Padre José M. Gallegos became New Mexico’s first Hispanic delegate elected to Congress in 1853. The house he built on Washington Avenue in the late 1850s is now home to the popular restaurant Santacafé. In 1914 artist Sheldon Parsons lived in that house,. The home became a meeting place for the artists of the early 20th century.
20th Century Salons
Sheldon Parsons arrived in Santa Fe in 1913 suffering from tuberculosis. A prominent painter in New York, he completed commissions for President William McKinley and Vice President Garret Hobart. Other well-known politicians of that era also hired him for their portraits. In 1914 he moved into the historic house once owned by Padre Gallegos on Washington Avenue, which became a meeting place for the bourgeoning artist colony. Parsons became the first director of the Fine Arts of the Museum of New Mexico.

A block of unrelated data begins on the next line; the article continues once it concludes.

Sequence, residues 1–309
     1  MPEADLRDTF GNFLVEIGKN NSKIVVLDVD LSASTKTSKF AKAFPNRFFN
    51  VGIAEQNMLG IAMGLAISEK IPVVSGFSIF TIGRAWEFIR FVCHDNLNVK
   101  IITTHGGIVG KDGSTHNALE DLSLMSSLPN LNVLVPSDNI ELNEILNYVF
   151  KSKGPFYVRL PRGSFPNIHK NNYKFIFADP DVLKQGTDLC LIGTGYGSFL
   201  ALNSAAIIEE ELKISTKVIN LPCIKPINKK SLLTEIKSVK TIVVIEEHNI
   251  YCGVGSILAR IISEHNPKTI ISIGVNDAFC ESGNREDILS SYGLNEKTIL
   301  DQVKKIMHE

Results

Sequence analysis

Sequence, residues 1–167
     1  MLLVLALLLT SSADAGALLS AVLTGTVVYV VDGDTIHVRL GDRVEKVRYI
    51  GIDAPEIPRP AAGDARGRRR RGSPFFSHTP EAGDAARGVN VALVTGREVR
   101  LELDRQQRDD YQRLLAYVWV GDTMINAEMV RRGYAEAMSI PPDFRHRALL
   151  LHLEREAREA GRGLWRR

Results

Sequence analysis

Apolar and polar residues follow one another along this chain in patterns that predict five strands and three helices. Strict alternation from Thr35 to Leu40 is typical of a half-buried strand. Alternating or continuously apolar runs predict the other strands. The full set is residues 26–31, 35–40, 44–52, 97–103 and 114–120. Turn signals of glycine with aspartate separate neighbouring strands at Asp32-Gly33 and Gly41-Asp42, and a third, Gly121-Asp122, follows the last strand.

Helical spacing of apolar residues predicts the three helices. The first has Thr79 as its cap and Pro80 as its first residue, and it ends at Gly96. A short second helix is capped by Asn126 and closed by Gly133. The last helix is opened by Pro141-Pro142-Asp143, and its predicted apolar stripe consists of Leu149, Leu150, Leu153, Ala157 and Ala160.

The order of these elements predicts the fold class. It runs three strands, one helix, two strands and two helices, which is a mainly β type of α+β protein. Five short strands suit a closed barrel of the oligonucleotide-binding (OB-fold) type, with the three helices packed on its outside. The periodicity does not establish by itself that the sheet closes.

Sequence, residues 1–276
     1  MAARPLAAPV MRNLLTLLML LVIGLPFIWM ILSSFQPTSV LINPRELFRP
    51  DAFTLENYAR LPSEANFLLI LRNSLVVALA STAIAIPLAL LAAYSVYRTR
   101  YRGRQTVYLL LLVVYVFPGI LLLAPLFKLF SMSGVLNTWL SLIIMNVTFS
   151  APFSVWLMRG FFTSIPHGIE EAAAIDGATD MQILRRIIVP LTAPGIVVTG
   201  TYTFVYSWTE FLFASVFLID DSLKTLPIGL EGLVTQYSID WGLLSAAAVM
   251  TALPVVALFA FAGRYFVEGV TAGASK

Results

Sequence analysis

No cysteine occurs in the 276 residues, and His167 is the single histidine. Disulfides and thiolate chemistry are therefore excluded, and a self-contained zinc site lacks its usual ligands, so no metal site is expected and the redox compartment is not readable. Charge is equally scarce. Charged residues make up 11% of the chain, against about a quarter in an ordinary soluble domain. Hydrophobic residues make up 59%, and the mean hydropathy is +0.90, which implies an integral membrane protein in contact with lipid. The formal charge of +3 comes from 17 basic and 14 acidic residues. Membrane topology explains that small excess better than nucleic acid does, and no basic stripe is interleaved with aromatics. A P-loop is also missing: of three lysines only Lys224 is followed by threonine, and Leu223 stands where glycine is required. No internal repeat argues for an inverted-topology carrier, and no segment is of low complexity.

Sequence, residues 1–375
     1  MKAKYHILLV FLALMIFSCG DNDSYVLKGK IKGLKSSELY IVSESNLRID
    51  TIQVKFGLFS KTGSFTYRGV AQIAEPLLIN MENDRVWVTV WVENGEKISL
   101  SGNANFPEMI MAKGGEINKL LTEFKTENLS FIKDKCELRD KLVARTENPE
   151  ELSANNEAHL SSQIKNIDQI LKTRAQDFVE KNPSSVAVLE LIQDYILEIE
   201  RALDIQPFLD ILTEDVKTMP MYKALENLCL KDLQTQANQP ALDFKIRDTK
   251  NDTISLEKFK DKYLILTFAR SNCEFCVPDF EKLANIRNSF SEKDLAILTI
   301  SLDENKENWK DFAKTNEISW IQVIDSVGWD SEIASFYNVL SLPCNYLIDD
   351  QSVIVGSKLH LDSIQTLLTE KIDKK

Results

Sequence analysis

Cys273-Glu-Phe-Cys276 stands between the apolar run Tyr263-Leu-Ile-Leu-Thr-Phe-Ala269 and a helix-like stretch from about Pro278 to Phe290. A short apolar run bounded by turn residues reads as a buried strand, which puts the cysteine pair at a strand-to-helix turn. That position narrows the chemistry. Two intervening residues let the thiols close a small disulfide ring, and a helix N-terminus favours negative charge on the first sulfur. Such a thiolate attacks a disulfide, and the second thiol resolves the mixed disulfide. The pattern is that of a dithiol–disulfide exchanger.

TB & Art
Tuberculosis became the leading cause of death in this country from 1880 through 1940. The dreadful disease solidified the foundation of Santa Fe as a major art center. The pristine arid climate brought hundreds of people to Sunmount Sanitorium, located in the foothills of the Sangre de Cristo Mountains. The solitude of convalescence awakened a core of creativity. The breathtaking landscape shaped by volcanic activity millions of years ago, coupled with the shifting light cast by the sun in the high-desert, formed a kaleidoscope of iridescent hues yearning to find artistic expression. The terrain provided a canvas for those indebted to the people and place that gave them a second chance at life.